Björn Schütte, a senior director in UOB’s group strategy and transformation unit, has left the bank to join GIC. His move is the latest in a string of senior technology strategy hires within the Singapore finance sector.
Schütte joined GIC last month as a business manager for equities and the investment services public market unit, according to his online profile. ISPM describes itself as GIC’s “investment engineering powerhouse”, which uses data and emerging technologies to provide services such as global trade operations, asset servicing, market data management, network management and custody controls.
This is Schütte’s first buy-side job. He worked for UOB for just over two years and previously spent 12 months at Credit Suisse in Singapore in a director-level APAC corporate strategy role. Schütte has worked in strategy since the start of his career. He joined Deutsche Bank’s Frankfurt office as an in-house consultant in 2007 and then worked his way rapidly up the ranks, holding VP-level roles in Hong Kong, Singapore and New York, before leaving the German bank in 2015.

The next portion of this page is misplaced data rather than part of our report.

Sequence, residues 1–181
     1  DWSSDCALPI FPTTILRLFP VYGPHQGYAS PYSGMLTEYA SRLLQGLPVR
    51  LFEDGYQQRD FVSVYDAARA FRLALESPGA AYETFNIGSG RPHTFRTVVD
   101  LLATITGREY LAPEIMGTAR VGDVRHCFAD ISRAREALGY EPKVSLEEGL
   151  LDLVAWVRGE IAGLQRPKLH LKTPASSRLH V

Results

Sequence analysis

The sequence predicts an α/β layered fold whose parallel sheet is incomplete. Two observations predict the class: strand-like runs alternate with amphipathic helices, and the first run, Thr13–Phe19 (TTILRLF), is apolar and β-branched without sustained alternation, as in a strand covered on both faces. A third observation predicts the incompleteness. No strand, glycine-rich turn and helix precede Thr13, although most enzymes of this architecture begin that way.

Strategist have been in high demand in Singapore financial services of late, especially in tech-focused teams like Schütte’s. As we reported earlier this week, DBS has appointed Accenture technology consultant Wan Mohd Fairuz as its programme director for core banking and API (application programming interface).
In April, Standard Chartered in Singapore hired Christopher Williams from UBS as global head of strategy, governance and change for technology services. Stan Chart is well represented in the recent merry-go-round for tech strategists. Earlier this year it hired IBM consultant Sushil Anand as head of computational and digital advisory for wealth management.
Schütte is one of about 1,500 employees at his new firm, GIC, which is thought to have the second-highest headcount of all sovereign wealth managers, behind the Abu Dhabi Investment Authority. GIC doesn’t just like to hire strategists like Schütte into in-house roles; it also typically prefers using its own portfolio managers. “To be sure, we use a lot of external managers – hundreds of them in all asset classes – but in-house has a cost advantage. I won’t tell our guys they are cheap, but it does,” GIC chief executive Lim Chow Kiat told Euromoney last month.
GIC did not respond to a request to comment on Schütte’s move.
Image credit: Getty
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